Home»News»PUBLIC PROFILE: Musica Matrix, Pat O’Scannell, Founder and Director, Musica Matrix

PUBLIC PROFILE: Musica Matrix, Pat O’Scannell, Founder and Director, Musica Matrix

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Pat O’Scannell, Founder and Director, Musica Matrix

A relatively new nonprofit, Musica Matrix “brings history to life”; namely, the instruments and music of the Renaissance and Medieval era. The Messenger caught up with long-time musician Pat O’Scannell to talk about her new organization.

Rogue Valley Messenger: Your background is with the Oregon Shakespeare Festival. Can you explain what that was, and how you went from there to here?

Pat O’Scannell: I came to OSF in 1980 as a multi-instrumentalist and singer. In 1990, I was given the opportunity to become the Music Director for the Green Shows, and during that time I brought my ensemble into residence at OSF, created two or three Green Shows per year with Historic Music at its core, and presented a variety of Noon Concerts throughout the summertime. Since leaving my full-time contract at OSF in 2007 after 25 years there building a program in Early Music, I realized that nothing had come into existence to replace the many concerts workshops and events that my ensemble had performed over the years. Add to this extreme budget cuts for even the most widely palatable music programs in public schools.  

RVM: This sounds like a hard sell for teenagers.

PO’S: Well maybe, but then our programs are designed to work within whatever format is available and can reach the most kids. All of our school programs begin with a single Assembly performance that will have been chosen by the Music Teachers themselves based on what they know about their kids. We will work with existing choirs, bands, orchestras, smaller ensembles, theatre programs or any other interested parties. Skills already in place such as playing the recorder can be expanded on, creating a stepping stone to other early wind instruments. Players of modern bowed strings will have at their fingertips a consort of renaissance viols with expert instruction. All of these possibilities are conduits into understanding historic practice.

RVM: How do you measure success in these programs?

The success cannot be measured in the short term, but must be viewed in this context: While working at OSF, I heard about a study they had conducted to ascertain what it was that created an adult theatre-goer. They looked at demographics, age, educational backgrounds, and a number of other factors. What they discovered was surprising in its simplicity. If as a child, you had been taken to see a play, your chances of repeating this experience in adulthood were greatly enhanced. Going to an excellent concert of Early Music, or even handling instruments or getting the chance to try one out, could make the difference. Music is a seed that must be planted early, and when it is, it can bear great fruit.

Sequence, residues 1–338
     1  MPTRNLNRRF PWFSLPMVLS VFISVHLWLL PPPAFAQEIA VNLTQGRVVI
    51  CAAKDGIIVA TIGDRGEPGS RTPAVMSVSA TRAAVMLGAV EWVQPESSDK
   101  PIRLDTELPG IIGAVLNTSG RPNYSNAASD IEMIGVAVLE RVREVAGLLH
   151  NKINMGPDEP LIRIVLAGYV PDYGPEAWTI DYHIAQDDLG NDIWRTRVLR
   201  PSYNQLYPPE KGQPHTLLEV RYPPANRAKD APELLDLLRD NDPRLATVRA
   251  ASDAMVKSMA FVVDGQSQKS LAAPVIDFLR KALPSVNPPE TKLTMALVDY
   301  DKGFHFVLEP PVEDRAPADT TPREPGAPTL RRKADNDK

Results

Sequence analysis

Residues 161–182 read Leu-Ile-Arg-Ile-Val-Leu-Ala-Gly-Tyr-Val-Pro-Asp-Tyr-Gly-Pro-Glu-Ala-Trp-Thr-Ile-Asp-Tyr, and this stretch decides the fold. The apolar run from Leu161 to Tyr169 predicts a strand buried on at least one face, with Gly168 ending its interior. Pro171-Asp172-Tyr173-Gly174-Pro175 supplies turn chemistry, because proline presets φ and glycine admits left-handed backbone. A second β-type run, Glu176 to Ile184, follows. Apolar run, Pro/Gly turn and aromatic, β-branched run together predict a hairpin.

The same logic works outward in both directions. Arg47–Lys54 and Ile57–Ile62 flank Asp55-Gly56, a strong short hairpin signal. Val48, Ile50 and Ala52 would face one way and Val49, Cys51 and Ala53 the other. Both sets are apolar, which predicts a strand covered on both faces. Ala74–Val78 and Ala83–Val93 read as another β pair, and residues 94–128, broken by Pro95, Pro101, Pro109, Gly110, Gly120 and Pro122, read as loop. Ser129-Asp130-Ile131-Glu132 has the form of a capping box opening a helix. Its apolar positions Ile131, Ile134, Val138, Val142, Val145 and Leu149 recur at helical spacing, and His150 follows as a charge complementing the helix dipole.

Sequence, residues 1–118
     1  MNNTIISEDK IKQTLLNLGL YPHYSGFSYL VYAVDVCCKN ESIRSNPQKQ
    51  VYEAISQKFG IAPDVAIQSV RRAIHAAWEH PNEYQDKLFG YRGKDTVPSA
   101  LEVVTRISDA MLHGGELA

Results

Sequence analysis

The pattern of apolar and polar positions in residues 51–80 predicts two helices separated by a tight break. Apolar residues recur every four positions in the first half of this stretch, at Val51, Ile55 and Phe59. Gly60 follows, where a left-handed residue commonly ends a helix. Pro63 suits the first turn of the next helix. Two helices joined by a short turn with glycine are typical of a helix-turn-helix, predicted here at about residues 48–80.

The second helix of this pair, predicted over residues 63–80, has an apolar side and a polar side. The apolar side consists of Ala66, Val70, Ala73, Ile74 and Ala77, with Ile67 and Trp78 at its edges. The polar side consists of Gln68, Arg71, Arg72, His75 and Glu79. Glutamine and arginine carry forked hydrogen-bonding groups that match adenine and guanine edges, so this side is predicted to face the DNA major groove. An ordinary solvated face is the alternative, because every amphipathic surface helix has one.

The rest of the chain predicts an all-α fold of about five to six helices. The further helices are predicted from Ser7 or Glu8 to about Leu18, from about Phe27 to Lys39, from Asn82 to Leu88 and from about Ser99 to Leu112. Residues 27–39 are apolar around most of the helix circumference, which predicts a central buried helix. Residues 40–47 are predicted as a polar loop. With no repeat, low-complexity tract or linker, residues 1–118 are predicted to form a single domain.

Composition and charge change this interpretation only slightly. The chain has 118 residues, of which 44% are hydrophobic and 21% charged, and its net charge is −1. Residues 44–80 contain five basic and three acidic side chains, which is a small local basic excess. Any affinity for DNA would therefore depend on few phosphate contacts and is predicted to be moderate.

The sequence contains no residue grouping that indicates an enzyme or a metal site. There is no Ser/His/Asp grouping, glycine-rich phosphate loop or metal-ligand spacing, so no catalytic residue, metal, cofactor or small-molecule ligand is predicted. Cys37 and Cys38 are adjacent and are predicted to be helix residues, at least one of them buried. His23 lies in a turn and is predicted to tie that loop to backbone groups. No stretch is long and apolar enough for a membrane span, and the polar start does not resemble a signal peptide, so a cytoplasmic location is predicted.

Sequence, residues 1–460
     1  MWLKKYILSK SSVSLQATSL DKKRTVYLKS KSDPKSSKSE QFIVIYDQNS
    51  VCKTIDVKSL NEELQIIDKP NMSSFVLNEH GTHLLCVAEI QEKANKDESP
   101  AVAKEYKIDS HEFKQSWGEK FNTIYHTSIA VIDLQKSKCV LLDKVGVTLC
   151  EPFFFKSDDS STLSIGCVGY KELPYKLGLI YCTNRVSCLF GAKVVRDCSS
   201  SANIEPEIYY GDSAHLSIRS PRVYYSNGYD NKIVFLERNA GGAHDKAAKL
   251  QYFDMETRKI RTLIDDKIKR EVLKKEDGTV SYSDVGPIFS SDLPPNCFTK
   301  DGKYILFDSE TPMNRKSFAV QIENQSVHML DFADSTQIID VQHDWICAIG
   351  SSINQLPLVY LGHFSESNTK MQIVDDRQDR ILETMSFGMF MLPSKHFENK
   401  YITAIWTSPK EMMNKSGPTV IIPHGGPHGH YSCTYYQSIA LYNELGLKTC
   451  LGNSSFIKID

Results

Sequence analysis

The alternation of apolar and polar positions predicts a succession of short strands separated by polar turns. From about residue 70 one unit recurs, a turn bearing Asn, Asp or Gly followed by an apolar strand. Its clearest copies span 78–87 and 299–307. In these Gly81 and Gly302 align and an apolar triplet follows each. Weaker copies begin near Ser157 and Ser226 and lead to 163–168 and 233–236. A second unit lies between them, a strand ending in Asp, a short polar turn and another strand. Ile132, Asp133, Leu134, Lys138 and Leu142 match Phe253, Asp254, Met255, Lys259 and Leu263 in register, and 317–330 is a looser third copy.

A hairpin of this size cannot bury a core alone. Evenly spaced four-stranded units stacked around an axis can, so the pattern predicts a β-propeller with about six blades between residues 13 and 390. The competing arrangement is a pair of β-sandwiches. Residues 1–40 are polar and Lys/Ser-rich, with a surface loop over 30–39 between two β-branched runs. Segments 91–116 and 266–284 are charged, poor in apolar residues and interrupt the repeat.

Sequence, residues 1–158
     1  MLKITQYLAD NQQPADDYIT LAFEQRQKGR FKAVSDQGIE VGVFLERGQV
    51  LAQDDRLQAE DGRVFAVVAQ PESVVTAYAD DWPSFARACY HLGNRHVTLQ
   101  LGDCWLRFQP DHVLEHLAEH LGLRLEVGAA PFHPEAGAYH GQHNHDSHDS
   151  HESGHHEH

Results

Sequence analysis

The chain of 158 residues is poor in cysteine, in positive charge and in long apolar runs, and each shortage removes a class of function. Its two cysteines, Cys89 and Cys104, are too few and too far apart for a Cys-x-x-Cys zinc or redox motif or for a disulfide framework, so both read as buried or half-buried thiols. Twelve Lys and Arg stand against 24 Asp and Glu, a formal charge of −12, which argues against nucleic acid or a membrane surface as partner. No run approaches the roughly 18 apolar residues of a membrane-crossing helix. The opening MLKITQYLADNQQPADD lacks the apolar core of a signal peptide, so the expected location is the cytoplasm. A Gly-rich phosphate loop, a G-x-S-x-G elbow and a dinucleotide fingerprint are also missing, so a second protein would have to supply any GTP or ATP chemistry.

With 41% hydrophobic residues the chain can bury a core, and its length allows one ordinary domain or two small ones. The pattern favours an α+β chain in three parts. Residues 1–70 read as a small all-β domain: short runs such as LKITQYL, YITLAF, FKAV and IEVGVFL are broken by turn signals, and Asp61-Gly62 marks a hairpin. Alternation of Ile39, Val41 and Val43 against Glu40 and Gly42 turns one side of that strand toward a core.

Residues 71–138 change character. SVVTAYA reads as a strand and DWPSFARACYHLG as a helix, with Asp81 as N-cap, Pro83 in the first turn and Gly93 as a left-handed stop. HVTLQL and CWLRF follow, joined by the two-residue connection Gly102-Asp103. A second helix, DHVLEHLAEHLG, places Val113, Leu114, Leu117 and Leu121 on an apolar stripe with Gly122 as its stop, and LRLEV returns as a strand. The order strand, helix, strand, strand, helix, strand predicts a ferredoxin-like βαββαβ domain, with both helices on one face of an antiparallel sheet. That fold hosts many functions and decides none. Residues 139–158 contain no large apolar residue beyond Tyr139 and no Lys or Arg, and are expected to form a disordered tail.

RVM: Can you describe some of the musical instruments of these eras?

PO’S: The easiest way to describe this is to say that before the Crusades, “Old Europe” had very little in the way of instruments. Crusaders brought back with them a wealth of instruments, as the Middle Eastern culture was far beyond ours at that time, and instruments such as the “oud” were adapted to a Western scale, becoming the “lute.” The harp also was a part of this, and goes well back to the Middle Ages, when small harps of Spanish and other origins were played melodically. The Crusades also brought back brass instruments, and a wide selection of percussion such as cymbals and simple frame drums.

RVM: Is there a band that was The Beatles of that era?

PO’S: Maybe not a band, but there was a song writer who was roughly the equivalent of Paul McCartney: John Dowland. This amazing lutist and singer wrote both music and texts that were so personal that they set a strikingly different tone from most of the vocal music that predated him. You may remember that Sting recorded an album of lute songs by an archaic composer. That was John Dowland.

 

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